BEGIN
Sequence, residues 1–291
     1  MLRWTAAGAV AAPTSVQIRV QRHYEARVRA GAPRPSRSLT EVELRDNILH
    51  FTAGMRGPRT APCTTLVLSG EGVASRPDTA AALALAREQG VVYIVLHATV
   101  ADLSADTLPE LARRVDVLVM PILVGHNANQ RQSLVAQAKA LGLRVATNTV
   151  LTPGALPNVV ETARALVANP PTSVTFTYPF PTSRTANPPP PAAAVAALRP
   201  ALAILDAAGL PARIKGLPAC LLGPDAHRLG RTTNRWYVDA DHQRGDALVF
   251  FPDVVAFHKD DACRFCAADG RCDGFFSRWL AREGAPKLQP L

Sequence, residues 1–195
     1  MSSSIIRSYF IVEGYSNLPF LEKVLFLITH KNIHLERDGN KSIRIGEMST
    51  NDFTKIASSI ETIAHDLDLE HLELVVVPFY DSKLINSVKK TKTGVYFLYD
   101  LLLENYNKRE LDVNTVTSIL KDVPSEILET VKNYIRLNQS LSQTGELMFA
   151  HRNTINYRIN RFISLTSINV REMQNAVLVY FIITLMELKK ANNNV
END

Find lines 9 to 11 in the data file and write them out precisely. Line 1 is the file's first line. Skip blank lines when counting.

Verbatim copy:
     1  MSSSIIRSYF IVEGYSNLPF LEKVLFLITH KNIHLERDGN KSIRIGEMST
    51  NDFTKIASSI ETIAHDLDLE HLELVVVPFY DSKLINSVKK TKTGVYFLYD
   101  LLLENYNKRE LDVNTVTSIL KDVPSEILET VKNYIRLNQS LSQTGELMFA